RANGE OF THREE ARTISAN WINES : WHITE, RED & ROSÉ
Live brief set by Marks and Spencer to create packaging for a range of a particular item - mine being a range of artisan wines. My range of artisan wines is based around a fictional small-scale specialist Leeds winery, Shire Oak, producing Yorkshire-grown wine for M&S. My ambition was to create a youthful, playful yet knowledgeable identity and tone of voice across my packaging elements, incorporating key Yorkshire traditions and sayings where appropriate. I focused on highlighting tradition throughout the design, particularly that of Leeds and the wider Yorkshire area being built on the foundations of both rural, countryside life and its sizeable industrial past, as well as through the naming of the range and its historical significance.
My aim was to create a wine with engaging, tactile qualities, using traditional, textured paper on the label/booklet as well as embossing to give the bottle stand out appeal on the shelf. I found that individual care and attention for each wine bottle when buying an artisan/specialist wine is something that is highly valued, and have attempted to give the range a ‘personal touch’, for instance through hand-numbered bottle/batch numbers on vinyl stickers on each bottle, and through explaining the story and traditions behind the wine range in a small booklet attached to the bottle with twine. Experimental printing techniques other than the regular, overplayed gold foiling, such as through using acetate and screenprinting, will hopefully give the wine that handmade, specialist feel - and that there’s a bit of Yorkshire in every bottle.
The target audience for my wine range is a customer perhaps at the slightly younger age range of M&S’ wine consumer demographic; I have tried to target them through the bold, easy-going and non-pretentious packaging to try and promote the ever-growing market of English (and Yorkshire) wine to a group of people that may have never considered buying or drinking it before.
I created a Yorkshire white rose using rearranged elements from photos of machinery that I took, such as cogs and wheels - this serves as the centrepiece of my elements of packaging, featuring prominently on the label design, box, and booklet to highlight my range’s role as a Yorkshire-produced wine range.
Bold, typography-based labels in colours complementing the colours of wine they concern, with an individual, rearranged pattern of industrial machinery on each of the different wines. I’ve used a combination of typefaces that I feel combine the traditional/industrial qualities I’ve tied in throughout the design of my wine, using a jumbled letterform arrangement in the setting of ‘Shire Oak’ reminiscent of individually typeset letterpress letters to evoke a handmade feel. I omitted naming the type of wine (i.e. red, white) explicitly on the front of the label, instead naming the grape type for a more specialist aspect.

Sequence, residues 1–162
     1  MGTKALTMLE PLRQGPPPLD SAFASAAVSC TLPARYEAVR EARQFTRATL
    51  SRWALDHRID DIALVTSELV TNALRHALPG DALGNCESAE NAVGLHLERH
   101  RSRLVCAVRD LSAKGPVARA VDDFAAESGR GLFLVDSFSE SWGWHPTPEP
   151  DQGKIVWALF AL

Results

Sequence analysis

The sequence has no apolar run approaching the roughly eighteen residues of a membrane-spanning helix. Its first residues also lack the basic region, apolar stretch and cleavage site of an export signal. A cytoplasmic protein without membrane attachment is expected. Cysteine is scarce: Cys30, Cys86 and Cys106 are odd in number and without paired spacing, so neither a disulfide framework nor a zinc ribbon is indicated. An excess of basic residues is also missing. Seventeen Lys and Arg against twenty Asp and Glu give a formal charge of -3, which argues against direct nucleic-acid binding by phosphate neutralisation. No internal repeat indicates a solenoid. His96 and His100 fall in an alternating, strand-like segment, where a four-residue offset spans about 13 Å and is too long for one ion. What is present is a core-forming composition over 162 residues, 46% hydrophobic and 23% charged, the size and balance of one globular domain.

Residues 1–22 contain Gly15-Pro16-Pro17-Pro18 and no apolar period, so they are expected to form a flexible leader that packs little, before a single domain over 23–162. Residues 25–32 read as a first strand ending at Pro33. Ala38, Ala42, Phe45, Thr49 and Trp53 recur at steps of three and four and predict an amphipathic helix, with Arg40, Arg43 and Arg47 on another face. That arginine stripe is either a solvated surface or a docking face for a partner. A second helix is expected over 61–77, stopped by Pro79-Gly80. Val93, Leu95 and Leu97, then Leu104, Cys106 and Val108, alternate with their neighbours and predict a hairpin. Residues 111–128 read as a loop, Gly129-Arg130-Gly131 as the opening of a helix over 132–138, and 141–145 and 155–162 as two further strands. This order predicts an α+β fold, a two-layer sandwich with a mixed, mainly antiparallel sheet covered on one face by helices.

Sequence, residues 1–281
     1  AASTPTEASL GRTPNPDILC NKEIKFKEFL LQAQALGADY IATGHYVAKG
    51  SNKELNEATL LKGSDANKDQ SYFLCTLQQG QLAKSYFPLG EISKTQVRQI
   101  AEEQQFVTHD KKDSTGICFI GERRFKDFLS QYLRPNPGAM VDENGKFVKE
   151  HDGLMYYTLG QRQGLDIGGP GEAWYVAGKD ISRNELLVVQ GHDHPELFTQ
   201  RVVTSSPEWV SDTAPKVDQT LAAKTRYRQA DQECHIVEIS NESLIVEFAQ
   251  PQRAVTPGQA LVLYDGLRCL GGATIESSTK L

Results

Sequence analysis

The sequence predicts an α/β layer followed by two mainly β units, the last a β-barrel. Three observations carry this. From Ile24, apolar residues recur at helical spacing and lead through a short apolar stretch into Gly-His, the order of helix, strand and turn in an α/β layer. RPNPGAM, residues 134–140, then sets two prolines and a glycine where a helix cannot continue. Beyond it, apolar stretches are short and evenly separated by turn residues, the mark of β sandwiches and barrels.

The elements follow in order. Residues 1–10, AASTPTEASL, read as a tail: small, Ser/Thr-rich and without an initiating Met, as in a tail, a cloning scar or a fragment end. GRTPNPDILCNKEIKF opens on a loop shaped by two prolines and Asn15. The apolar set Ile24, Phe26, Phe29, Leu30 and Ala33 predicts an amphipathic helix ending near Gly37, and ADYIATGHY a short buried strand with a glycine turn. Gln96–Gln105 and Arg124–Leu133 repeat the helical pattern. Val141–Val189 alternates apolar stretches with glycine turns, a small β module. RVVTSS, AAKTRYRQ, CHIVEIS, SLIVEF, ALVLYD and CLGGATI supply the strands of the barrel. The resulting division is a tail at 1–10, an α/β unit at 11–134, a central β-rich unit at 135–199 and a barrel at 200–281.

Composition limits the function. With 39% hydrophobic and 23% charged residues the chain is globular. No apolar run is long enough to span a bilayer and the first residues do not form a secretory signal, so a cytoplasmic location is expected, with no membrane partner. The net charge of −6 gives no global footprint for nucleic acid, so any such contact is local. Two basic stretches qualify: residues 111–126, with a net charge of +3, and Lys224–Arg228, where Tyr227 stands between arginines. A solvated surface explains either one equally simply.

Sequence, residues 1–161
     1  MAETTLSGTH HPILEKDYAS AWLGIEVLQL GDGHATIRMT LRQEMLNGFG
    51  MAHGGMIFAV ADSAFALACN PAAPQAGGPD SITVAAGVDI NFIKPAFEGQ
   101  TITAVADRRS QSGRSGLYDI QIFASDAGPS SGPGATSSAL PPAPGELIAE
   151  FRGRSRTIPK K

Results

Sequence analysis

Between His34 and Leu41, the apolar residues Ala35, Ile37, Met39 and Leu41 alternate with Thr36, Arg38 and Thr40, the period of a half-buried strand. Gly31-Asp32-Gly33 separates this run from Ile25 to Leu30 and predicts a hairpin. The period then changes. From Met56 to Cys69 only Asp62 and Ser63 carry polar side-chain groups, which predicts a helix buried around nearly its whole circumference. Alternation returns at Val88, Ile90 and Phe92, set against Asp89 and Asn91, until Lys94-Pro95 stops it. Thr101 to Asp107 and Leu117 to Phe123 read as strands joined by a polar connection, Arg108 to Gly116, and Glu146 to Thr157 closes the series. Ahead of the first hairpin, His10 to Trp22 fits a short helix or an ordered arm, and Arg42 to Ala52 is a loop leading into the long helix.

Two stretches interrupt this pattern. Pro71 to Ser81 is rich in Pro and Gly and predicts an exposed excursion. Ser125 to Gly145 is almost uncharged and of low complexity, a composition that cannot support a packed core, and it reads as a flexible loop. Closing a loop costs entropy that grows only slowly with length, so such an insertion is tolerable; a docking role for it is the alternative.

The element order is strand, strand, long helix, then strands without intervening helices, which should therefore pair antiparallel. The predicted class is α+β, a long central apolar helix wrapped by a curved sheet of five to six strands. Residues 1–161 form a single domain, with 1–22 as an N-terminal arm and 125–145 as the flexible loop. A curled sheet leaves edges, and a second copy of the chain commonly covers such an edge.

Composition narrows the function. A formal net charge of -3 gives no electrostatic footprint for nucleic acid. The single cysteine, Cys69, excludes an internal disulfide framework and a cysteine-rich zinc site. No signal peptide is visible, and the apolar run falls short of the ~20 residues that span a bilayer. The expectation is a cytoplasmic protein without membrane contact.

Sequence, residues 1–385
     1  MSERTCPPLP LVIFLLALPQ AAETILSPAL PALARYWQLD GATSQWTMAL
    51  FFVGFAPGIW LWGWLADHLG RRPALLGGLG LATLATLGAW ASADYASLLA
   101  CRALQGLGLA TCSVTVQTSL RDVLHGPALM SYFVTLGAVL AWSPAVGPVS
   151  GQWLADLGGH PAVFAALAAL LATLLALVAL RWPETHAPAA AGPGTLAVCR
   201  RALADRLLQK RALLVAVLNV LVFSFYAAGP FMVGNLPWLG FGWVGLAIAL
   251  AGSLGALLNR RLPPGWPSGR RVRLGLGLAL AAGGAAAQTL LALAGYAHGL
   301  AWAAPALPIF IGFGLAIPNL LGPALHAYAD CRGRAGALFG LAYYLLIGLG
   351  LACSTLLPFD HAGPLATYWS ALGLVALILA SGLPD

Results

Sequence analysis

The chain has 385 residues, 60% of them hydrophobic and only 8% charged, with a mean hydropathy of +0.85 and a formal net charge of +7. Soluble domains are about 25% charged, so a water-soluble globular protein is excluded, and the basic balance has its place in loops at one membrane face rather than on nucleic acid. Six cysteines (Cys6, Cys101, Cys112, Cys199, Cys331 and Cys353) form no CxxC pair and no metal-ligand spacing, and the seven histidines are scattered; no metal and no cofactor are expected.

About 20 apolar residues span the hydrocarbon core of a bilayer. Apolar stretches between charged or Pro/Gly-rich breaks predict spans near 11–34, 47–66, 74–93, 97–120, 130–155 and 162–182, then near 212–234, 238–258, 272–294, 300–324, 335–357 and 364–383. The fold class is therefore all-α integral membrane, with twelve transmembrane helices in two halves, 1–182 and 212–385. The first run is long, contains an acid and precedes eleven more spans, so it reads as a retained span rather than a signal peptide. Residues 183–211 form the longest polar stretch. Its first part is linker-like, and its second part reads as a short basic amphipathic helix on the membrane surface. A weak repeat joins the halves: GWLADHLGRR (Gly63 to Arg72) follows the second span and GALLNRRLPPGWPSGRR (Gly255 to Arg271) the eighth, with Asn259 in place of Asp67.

Back label keeps a playful yet informative voice throughout, detailing the technical features of the wine, along with suggested foods to accompany it. The label also mentions the story behind the range’s name, Shire Oak, which is further explained in the wine’s attached booklet.
Optional decorative box displayed on shelf at POS, ideal for a giftgiving situation to give a simple Yorkshire wine some gravitas. Features hand-written co-ordinating bottle number on every box.
An image of countryside is also foil stamped onto the foil wrapper at the top of the bottle for another nod towards traditional Yorkshire; this is joined by the twine holding the booklet around the bottle.
The concertina-style booklet details the meaning behind the name of the wine, to give the range an interesting backstory - as written for the booklet:
“The Shire Oak is a special bit of our home of Leeds’ history, referring to a real oak tree in Headingley, Leeds, that managed to stand strong from the 11th century through to 1941. This tree was apparently pretty much the place to be – the hub for ceremonies, voting in the area, and for every kind of social event imaginable. It was so important that the name for the area for miles around Leeds at the time of the Danelaw (known as a wapentake) was ‘scir ac’ or ‘Skyrack’, meaning ‘Shire Oak’. Even though the tree is no longer standing, we thought it was a great local namesake that symbolises everything that a good wine should be – strong, resilient, and a great base for celebrating and socialising with your loved ones.”
I felt that the idea of this tree bringing people together translated well to the theming and purpose of this wine range. It also touches on the history of Yorkshire winemaking and technical information about the process, printed on a background image of Yorkshire hills.